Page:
EurekaMag.com logo
+ Site Statistics
References:
52,725,316
Abstracts:
28,411,598
+ Search Articles
+ Subscribe to Site Feeds
EurekaMag Most Shared ContentMost Shared
EurekaMag PDF Full Text ContentPDF Full Text
+ PDF Full Text
Request PDF Full TextRequest PDF Full Text
+ Follow Us
Follow on FacebookFollow on Facebook
Follow on TwitterFollow on Twitter
Follow on Google+Follow on Google+
Follow on LinkedInFollow on LinkedIn

+ Translate

Epidemiology and chemical control of godronia cassandrae fusicoccum canker of highbush blueberry


Phytopathology 67(12): 1475-1480
Epidemiology and chemical control of godronia cassandrae fusicoccum canker of highbush blueberry
A Burkard volumetric spore trap in continuous operation for 2 seasons in a highbush blueberry [Vaccinium corymbosum] field heavily infected by G. cassandrae captured only negligible numbers of airborne conidia and ascospores of the pathogen. Rain-dispersed conidia were trapped by means of funnels attached beneath cankers and attached via tubing to jugs for collection. Conidia were most abundant May through mid-June (blossom bud swell to petal fall). The number of conidia trapped ranged up to 1.21 .times. 105 conidia/ml of trapped rain water. Conidia were fewer in number June-Sept. and Oct. (late leaf fall) than during April and May. The frequency of natural field infection was greatest during late April-June. Potted bushes inoculated with conidia also had the highest numbers of infections resulting from the April-June inoculation dates. Wounding was not required for infection since nonwounded inoculated plants consistently were infected during the growing season. Bushes exposed to ascospore inocula failed to become infected. In vitro germination of conidia was favored by temperatures of 22 and 30.degree. C. Mycelial growth and infection of blueberry bushes was favored by temperatures of 10-22.degree. C. In fungicide field plot evaluations, captafol (Difolatan) significantly reduced the numbers of cankers at 1 location by 82-95% [LSD (P = 0.01) = 0.12] and at another location by 52-65% [LSD (P = 0.01) = 0.21].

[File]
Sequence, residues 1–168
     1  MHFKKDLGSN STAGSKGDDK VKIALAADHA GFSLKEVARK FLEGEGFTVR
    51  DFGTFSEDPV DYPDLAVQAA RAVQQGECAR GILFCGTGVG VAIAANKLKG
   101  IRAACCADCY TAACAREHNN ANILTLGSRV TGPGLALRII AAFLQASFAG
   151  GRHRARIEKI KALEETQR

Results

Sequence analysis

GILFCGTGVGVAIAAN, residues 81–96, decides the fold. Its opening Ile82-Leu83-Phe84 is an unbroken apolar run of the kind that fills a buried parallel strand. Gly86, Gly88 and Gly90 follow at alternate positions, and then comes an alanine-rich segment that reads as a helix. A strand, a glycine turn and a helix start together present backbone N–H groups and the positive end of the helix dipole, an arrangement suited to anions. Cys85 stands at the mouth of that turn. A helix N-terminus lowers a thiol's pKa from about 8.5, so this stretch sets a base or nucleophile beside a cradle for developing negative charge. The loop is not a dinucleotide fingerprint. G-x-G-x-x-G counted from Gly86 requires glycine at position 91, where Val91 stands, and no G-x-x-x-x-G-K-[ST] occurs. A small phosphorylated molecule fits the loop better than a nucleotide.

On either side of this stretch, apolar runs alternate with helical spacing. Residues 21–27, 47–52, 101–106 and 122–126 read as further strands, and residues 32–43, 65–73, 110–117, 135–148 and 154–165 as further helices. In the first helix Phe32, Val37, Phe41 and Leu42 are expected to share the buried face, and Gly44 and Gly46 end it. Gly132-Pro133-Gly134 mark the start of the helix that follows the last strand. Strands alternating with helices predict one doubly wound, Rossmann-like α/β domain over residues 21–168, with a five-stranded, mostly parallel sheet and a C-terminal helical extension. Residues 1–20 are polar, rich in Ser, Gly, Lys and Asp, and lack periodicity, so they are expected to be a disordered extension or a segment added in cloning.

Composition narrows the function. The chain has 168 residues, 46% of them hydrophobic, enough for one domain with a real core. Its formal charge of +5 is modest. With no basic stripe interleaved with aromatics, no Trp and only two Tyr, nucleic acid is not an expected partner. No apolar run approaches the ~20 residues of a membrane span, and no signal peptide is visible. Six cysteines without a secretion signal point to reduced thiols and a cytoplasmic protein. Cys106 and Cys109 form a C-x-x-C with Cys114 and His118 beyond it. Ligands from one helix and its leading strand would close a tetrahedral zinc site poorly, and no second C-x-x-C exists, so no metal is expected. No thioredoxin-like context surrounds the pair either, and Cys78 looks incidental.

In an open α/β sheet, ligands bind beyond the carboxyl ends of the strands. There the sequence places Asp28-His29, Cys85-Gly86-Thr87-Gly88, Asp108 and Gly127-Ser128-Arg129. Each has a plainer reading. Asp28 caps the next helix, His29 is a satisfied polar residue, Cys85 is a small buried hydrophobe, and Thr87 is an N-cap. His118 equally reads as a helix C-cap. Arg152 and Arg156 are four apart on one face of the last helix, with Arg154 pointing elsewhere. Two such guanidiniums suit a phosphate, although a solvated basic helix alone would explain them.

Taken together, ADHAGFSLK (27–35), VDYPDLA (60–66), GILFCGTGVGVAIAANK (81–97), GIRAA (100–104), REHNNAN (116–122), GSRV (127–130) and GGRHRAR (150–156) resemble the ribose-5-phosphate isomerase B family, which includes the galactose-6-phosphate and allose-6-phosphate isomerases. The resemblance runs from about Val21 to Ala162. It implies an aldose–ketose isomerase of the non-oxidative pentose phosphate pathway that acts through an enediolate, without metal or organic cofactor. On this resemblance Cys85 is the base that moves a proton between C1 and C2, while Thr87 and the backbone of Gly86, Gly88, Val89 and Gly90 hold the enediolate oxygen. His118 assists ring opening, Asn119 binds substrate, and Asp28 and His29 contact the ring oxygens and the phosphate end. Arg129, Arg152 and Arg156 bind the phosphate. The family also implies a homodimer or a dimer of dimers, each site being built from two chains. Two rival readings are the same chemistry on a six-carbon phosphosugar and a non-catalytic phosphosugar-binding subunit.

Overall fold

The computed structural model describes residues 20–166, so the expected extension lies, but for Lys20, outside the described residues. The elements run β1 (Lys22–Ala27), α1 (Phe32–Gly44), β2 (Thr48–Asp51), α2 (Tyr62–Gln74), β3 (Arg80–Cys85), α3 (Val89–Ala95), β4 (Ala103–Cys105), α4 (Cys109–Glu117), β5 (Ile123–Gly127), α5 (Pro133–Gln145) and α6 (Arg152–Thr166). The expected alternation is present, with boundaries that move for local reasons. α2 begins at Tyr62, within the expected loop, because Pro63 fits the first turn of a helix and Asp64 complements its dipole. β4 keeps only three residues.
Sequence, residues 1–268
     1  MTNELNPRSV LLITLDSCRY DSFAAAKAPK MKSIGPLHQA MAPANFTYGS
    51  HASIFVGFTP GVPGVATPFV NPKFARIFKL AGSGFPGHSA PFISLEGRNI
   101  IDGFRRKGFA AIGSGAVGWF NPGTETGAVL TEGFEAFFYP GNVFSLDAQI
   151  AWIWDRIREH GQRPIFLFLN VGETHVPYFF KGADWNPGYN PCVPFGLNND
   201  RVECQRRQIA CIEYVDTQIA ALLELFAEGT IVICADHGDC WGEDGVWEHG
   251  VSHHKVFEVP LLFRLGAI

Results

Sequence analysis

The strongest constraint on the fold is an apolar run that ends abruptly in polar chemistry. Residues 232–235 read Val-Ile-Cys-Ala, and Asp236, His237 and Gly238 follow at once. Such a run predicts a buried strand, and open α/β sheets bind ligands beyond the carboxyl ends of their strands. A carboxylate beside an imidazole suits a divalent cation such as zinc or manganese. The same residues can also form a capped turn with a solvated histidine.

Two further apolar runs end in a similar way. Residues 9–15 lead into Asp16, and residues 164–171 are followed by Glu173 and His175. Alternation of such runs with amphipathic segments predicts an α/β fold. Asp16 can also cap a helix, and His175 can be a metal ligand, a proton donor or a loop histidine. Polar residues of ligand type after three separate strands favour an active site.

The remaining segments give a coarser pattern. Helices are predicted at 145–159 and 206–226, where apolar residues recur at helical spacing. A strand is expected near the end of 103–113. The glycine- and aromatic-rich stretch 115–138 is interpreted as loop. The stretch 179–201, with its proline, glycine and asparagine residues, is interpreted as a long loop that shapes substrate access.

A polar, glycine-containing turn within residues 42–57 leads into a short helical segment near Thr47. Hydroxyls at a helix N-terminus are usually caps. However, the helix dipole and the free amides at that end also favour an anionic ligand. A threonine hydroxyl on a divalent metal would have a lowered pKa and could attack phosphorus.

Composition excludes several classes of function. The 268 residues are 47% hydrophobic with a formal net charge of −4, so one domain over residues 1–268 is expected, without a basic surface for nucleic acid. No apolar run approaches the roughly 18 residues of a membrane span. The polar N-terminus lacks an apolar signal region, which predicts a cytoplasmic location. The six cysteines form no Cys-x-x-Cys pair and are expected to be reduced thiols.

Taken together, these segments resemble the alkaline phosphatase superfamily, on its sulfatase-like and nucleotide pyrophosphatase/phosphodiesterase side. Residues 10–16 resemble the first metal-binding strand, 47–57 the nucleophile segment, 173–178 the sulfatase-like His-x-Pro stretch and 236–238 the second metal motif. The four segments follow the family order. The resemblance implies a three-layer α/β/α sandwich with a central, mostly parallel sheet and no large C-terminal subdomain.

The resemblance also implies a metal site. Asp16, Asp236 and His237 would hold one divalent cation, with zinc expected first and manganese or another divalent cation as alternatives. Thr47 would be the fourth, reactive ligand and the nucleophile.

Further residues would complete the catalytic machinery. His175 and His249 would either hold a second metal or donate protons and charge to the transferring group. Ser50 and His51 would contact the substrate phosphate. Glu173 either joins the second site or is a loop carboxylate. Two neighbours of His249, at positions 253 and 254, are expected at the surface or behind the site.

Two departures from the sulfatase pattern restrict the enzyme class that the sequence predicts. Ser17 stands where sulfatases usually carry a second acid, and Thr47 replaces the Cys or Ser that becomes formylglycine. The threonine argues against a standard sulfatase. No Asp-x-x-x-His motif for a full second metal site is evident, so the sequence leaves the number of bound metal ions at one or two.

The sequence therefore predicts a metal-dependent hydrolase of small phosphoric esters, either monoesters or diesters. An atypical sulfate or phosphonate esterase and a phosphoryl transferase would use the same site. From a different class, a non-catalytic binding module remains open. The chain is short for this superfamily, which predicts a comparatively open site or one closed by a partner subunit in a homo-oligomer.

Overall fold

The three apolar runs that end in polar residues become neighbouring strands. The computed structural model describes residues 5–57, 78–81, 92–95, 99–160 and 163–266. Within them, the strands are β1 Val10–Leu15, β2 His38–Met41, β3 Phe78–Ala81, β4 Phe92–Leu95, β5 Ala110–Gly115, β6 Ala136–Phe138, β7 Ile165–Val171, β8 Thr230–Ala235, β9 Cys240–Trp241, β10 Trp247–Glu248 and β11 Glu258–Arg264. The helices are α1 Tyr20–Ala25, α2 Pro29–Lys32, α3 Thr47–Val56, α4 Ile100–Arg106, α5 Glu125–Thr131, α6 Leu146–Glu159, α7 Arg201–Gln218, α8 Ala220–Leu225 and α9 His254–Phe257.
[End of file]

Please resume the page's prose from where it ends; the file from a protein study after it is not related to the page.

Accession: 005375740



Related references

Epidemiology and chemical control of Godronia (Fusicoccum) canker of highbush blueberry. Phytopathology 67(12): 1475-1480, 1977

Susceptibility of highbush blueberry (Vaccinium corymbosum L.) cultivars to Godronia canker (Godronia cassandrae f. sp. vaccinii) in Norway. Gartenbauwissenschaft 66(2): 78-84, 2001

Etiology and symptomatology of canker and dieback diseases on highbush blueberries caused by Godronia (Fusicoccum) cassandrae and Diaporthe (Phomopsis) vaccinii. Phytopathology 65(2): 105-110, 1975

Canker of highbush blueberry caused by Godronia cassandrae f. vaccinii (Peck.) Groves. Acta Agrobotanica 31(1/2): 159-171, 1978

Godronia cassandrae f sp vaccinii canker of highbush blueberry restricted by suspected winter sun scald injury. Canadian Plant Disease Survey 56(1): 35, 1976

Leaf spot of Highbush Blueberry caused by Godronia cassandrae f. vaccinii. Can. Pl. Dis. Surv, 50: 2, 93-94, 1970

Leaf spot of highbush blueberry d caused by godronia cassandrae f vaccinii. Canadian Plant Disease Survey 50(2): 93-94, 1970

Anatomical changes in the stems of highbush blueberry vaccinium australe caused by the fungus godronia cassandrae f vaccinii. Acta Agrobotanica 35(1): 101-106, 1982

Etiology and symptomatology of canker and dieback diseases on highbush blueberries caused by godronia cassandrae and diaporthe vaccinii. Phytopathology 65(2): 105-110, 1975

Epidemiology and chemical control of Phomopsis canker of highbush blueberry. Phytopathology 67(12): 1481-1484, 1977